13th October 2020
Stephen Sutherland, chairman of the Caithness Chamber of Commerce board, looks at what has been achieved in the past year and what lies ahead
Earlier this month we welcomed businesses from across the North Highlands to our thirteenth Annual General Meeting. As with so many events this year, COVID restrictions meant that this had to be held virtually, but despite the challenges we had a fantastic turnout.
Hosting our AGM has given me a chance to pause and reflect on some of what the Chamber has achieved this past year, as well as some of the many challenges still facing us and the wider business community across the North Highlands.
As with every business, it is impossible for us to look back at our year and not see the huge impact that COVID-19 has had on our operations. We have had to manage the challenges that come with home working and significant upheaval to our plans for the year, while facing a heavier workload than ever before assisting the business community through this difficult time.
We have had some significant successes, despite the challenges. Our ongoing efforts to get up-to-date information, guidance and details of support out to our members and the wider business community have been commended by many. The flow of information has not been one way, and through our close working relationship with the Highland Council and Scottish Chambers of Commerce, we were able to flag up some early concerns with support mechanisms and secure key changes or additional support.
Through our management of the Caithness Business Fund, we were also able to secure and disburse £200,000 of funding (thanks to support from Dounreay Site Restoration Ltd and the Nuclear Decommissioning Authority) to businesses across the North Highlands in a short space of time. This has made a huge difference to many businesses at a time when support was most needed. Thanks to the support of Dounreay Site Restoration Ltd, we’ve also been able to expand our business mentoring and support to cover any business in the region affected by COVID-19.
Looking beyond COVID, the year has brought other successes for the Chamber. We’ve continued to grow our membership, seen previous lobbying efforts pay off with the completion of works on the Berriedale Braes, and stepped up our campaign for a PSO from Wick John O’Groats Airport with partners.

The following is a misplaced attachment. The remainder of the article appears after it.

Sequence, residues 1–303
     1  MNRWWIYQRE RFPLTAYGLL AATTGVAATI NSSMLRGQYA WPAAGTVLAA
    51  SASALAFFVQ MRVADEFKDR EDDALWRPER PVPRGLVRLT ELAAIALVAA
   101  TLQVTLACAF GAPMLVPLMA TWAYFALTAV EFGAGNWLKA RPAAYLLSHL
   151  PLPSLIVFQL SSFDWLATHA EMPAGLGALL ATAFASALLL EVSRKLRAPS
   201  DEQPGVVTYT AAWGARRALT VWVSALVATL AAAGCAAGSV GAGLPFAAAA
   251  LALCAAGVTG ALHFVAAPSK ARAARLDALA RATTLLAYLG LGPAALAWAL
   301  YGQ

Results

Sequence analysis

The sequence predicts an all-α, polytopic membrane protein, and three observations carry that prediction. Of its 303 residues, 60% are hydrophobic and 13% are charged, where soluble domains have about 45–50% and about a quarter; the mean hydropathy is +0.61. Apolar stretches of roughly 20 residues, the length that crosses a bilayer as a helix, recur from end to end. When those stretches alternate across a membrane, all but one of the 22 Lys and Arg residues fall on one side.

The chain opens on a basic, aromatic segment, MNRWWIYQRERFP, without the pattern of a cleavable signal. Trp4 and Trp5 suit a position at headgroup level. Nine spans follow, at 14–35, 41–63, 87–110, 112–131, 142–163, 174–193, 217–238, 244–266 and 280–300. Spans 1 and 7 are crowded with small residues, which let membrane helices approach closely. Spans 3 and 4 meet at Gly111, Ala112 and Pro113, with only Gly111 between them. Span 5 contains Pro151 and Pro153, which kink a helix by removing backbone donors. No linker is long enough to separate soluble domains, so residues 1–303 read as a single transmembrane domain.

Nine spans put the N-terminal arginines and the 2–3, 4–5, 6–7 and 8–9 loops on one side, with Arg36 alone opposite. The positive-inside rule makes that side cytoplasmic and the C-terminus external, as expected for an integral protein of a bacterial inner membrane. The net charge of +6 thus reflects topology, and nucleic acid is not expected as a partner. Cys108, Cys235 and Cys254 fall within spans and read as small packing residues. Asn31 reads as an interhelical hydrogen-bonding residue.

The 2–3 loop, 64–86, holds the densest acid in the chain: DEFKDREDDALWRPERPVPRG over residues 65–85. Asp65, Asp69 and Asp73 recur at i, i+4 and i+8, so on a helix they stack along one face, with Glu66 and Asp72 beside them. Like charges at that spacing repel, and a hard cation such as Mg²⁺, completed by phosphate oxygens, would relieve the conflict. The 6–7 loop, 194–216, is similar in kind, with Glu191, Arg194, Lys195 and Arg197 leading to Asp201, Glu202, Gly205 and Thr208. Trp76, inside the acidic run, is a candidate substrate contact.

Looking towards the remainder of 2020 and the start of 2021, it can be easy to feel overwhelmed by the scale of the challenges we have yet to face. The COVID-19 situation remains uncertain and, despite new support from UK Government, many businesses will struggle with the loss of the furlough scheme at the end of this month. We also have the threat of further restrictions, which have the potential to further damage consumer and business confidence. So we will continue to lobby for further government assistance from both Westminster and Holyrood.
We also need to start preparing for the effects of Brexit. Although much, as ever, remains uncertain on that front, elements such as the UK’s new points-based immigration system will be coming into force on 1 January 2021 and businesses need to start preparing now for the impacts that will bring.
However, it’s also important that we don’t lose sight of the opportunities the future holds for the North Highlands. The ScotWind leasing round looks set to bring significant investments in offshore wind to the region’s coastline, and plans continue to progress for the UK’s first vertical launch spaceport in Sutherland.
Ambitious plans are also coming from both UK and Scottish Governments for net zero carbon. With our local experience across a range of energy sectors, and our location and size offering a perfect testbed for pilot projects, the North Highlands is well placed to lead the way in this area.
If the past year has shown us anything, it’s that we don’t know what the future might hold for us. Whatever may come, the Chamber is here to support and promote businesses across the North Highlands and fight for a brighter future for the region.